BoC Media
2001 to Now



CANADIAN LIVING / HEALTH / Living Well / P. 18 November 2001

A Year of Living Carefully

Great ways to take charge of your family's well-being


Whether to do breast self-examinations (BSEs) is a personal decision for all women. The Breast of Canada 2002 calendar demonstrates how to do a proper BSE and includes general breast health information and breast lore. A percentage of the profits from the sale of the calendar, which includes photography by Melanie Gillis, will go to at least one breast-related charity. Many cancer organizations and specialists support BSEs despite the recommendations from the Canadian Task Force on Preventive Health Care that women no longer be routinely taught how to do BSEs and that BSEs be excluded from medical examinations. The Task Force confirmed that BSEs may cause more harm than good because they can lead to more doctor visits, biopsies for benign lumps and unnecessary anxiety.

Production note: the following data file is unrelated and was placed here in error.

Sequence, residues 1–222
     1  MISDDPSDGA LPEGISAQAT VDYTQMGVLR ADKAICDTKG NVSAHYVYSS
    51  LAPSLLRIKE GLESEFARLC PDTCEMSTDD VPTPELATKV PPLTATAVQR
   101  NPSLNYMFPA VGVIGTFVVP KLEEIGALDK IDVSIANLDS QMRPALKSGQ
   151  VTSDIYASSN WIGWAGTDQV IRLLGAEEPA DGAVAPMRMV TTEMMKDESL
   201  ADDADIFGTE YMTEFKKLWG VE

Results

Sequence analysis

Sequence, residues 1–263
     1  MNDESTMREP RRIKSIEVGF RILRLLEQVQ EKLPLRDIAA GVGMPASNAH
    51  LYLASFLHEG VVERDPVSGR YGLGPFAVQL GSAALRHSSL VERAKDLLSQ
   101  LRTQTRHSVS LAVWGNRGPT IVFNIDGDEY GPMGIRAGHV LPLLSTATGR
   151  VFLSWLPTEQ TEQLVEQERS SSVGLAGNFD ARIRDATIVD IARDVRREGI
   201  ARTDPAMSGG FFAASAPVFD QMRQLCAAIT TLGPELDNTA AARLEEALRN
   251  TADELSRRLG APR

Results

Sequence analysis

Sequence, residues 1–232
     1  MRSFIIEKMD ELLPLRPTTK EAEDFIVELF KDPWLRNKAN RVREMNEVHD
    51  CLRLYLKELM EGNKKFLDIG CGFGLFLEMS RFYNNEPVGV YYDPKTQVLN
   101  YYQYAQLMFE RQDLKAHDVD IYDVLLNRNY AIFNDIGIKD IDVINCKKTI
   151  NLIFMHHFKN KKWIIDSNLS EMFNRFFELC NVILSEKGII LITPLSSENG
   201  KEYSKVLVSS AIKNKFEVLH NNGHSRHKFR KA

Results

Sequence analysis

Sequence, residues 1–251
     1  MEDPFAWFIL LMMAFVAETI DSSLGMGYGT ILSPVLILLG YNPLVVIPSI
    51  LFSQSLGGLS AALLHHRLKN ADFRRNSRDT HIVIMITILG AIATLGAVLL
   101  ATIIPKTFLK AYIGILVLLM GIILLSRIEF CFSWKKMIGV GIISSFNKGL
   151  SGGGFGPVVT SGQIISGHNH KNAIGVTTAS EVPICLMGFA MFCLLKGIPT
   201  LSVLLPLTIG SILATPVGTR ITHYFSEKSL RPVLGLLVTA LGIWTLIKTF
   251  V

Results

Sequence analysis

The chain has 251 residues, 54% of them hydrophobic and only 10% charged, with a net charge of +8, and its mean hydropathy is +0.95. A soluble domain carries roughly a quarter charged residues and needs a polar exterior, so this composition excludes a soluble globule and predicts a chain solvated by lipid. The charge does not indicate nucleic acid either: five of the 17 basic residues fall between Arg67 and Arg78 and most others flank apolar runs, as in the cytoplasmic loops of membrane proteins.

Cancer experts believe that even if BSEs may not save lives, they gives women a hands-on tool for self-care. Dr. Shirley Kopolovic, a family doctor in Toronto, notes that women feel more in control of their own fates if they think they can do something to improve their health. Among Canadian women, breast cancer accounts for 30 per cent of all new cancer cases annually; last year there were an estimated 19,200 new cases and 5,500 deaths from the disease. 

The calendar is available from DoorMouse Distribution, call 1-800-668-7724 or visit www.doormouse.ca